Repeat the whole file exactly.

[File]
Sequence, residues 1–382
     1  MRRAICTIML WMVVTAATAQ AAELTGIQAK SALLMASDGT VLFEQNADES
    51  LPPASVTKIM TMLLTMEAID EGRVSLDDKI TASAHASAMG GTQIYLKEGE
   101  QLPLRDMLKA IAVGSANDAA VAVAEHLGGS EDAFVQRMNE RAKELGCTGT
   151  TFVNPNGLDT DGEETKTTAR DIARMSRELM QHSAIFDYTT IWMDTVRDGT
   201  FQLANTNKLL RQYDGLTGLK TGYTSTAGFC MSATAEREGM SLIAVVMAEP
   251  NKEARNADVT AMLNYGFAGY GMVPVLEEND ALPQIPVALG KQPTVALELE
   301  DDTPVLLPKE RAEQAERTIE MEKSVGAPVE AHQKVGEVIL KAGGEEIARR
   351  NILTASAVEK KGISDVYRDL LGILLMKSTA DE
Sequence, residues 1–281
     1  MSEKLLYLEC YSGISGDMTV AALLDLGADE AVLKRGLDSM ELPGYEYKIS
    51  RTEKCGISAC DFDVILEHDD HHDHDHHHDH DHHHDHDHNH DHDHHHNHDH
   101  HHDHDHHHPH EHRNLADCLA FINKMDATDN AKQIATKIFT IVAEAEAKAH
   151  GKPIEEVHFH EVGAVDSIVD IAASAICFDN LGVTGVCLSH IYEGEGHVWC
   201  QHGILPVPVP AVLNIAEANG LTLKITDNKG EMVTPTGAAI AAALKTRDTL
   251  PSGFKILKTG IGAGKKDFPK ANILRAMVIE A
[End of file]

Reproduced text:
Sequence, residues 1–382
     1  MRRAICTIML WMVVTAATAQ AAELTGIQAK SALLMASDGT VLFEQNADES
    51  LPPASVTKIM TMLLTMEAID EGRVSLDDKI TASAHASAMG GTQIYLKEGE
   101  QLPLRDMLKA IAVGSANDAA VAVAEHLGGS EDAFVQRMNE RAKELGCTGT
   151  TFVNPNGLDT DGEETKTTAR DIARMSRELM QHSAIFDYTT IWMDTVRDGT
   201  FQLANTNKLL RQYDGLTGLK TGYTSTAGFC MSATAEREGM SLIAVVMAEP
   251  NKEARNADVT AMLNYGFAGY GMVPVLEEND ALPQIPVALG KQPTVALELE
   301  DDTPVLLPKE RAEQAERTIE MEKSVGAPVE AHQKVGEVIL KAGGEEIARR
   351  NILTASAVEK KGISDVYRDL LGILLMKSTA DE
Sequence, residues 1–281
     1  MSEKLLYLEC YSGISGDMTV AALLDLGADE AVLKRGLDSM ELPGYEYKIS
    51  RTEKCGISAC DFDVILEHDD HHDHDHHHDH DHHHDHDHNH DHDHHHNHDH
   101  HHDHDHHHPH EHRNLADCLA FINKMDATDN AKQIATKIFT IVAEAEAKAH
   151  GKPIEEVHFH EVGAVDSIVD IAASAICFDN LGVTGVCLSH IYEGEGHVWC
   201  QHGILPVPVP AVLNIAEANG LTLKITDNKG EMVTPTGAAI AAALKTRDTL
   251  PSGFKILKTG IGAGKKDFPK ANILRAMVIE A